Eventbrite’s COVID-19 Safety Playbook for Events
Before launching in-person experiences again, you will need to consider all applicable health and safety risks. This is a resource for you to reference when determining what risks may apply to your event and how to address them.
Date published/May 20, 2021
This playbook should help you:
Before relaunching in-person experiences, you will need to thoughtfully consider potential safety and security risks for your events. Many factors can influence an event’s risk profile, including the venue's location, the purpose of the event, and the attendees. Today, we want to provide you with resources as you work to address the threat of COVID-19 and manage the risk of transmission. Following the expertise of health officials and regulators, you'll need to adopt new policies and procedures to help minimize physical contact and maximize the health and well-being of attendees. This playbook assumes there are no mandatory prohibitions affecting your event or gathering.
You should assume that during a global pandemic, attendees and staff members could transmit the virus. Because of this potential transmission risk, it's crucial to take appropriate safety and risk management measures and to clearly communicate requirements and responsibilities to staff and attendees. (Please note: per CDC guidance, vaccinated people have a reduced risk of transmission).
To provide resources for you to reference during your planning process, we've partnered with risk management and health experts at the Chertoff Group, including Senior Advisor, Dr. Jeff Runge, who was responsible for pandemic planning at the US Department of Homeland Security while serving as its chief medical officer. This work is informed by published guidance provided by the World Health Organization (WHO), the US Centers for Disease Control and Prevention (CDC), and Johns Hopkins Center for Health Security. For more resources to review, please see the list at the end of this playbook.
Notice: This Playbook and accompanying materials are provided for general information only and are not medical, legal, or professional advice. You are solely responsible for assessing and implementing the appropriate safety and security measures to be taken at your event(s) (including whether practices other than those discussed may be appropriate), and for assuring compliance with all applicable laws, regulations, and orders. Both Eventbrite and Chertoff Group, LLC expressly disclaim liability for any loss or damage that results from any application of, or reliance upon, anything in this document by you, your agents, or your guests. Please consult your legal counsel, insurance advisor, and other professionals for tailored advice on your legal obligations and how to mitigate risk at your events.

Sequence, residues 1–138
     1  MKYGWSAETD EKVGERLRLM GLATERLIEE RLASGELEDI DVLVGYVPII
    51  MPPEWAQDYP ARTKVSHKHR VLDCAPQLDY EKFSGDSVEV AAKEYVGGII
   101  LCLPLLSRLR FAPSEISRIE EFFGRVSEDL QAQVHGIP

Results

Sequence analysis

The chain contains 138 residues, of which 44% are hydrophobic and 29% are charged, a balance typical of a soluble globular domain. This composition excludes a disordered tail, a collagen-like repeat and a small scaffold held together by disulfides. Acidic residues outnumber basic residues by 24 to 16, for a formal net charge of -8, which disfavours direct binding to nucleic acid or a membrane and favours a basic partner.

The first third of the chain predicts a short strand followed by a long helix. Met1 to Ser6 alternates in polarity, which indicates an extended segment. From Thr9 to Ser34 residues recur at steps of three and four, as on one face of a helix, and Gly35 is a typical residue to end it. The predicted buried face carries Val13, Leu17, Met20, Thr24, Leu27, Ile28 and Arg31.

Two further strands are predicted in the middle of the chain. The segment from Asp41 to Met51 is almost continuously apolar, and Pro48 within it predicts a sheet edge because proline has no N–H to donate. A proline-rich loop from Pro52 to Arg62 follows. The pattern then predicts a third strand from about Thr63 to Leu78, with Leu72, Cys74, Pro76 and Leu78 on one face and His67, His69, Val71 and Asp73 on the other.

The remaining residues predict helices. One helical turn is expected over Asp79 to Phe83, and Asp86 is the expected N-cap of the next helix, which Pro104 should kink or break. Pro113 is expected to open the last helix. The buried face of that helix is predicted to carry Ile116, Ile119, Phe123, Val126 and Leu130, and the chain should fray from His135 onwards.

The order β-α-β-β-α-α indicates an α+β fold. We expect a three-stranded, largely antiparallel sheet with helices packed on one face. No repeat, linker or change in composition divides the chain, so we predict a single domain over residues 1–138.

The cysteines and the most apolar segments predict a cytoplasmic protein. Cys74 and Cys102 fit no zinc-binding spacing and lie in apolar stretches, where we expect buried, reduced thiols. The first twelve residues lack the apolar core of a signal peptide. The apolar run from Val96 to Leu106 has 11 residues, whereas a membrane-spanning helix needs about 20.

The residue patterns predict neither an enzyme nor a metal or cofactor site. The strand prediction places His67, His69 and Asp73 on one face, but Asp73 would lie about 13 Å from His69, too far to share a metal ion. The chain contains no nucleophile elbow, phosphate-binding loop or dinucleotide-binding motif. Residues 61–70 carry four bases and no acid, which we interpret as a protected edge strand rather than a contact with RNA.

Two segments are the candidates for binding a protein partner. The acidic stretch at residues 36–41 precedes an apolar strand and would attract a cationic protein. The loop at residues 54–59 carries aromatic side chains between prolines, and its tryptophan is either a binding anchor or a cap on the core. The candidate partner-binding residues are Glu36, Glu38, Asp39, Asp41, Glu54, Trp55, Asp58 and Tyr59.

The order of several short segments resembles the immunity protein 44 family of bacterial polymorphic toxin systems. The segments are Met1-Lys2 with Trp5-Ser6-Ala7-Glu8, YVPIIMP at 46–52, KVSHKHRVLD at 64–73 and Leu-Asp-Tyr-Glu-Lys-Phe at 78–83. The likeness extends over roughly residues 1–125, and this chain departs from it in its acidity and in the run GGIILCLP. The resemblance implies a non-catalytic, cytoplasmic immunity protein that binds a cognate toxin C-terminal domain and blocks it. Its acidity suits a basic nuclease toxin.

Eventbrite has prepared these materials with information that it believes is current as of the date listed. Guidelines and information about the virus continue to change regularly. You should review the most up-to-date resources and applicable local laws, regulations, and orders on a regular basis leading up to your event, which should take precedence over any of the general information presented in this guide. Eventbrite disclaims any duty to update this guide.
This playbook outlines
a four-stage safety process to:
Assess your risks and mitigation potential
This section will help you identify inherent risks and other factors that may affect your event, as well as understand the mitigation options that may help to reduce COVID-19 transmission risk.
Creators have a responsibility for the wellbeing of their staff and attendees at their event. It’s important to recognize the threat COVID-19 poses and determine the level of risk of transmission at your event.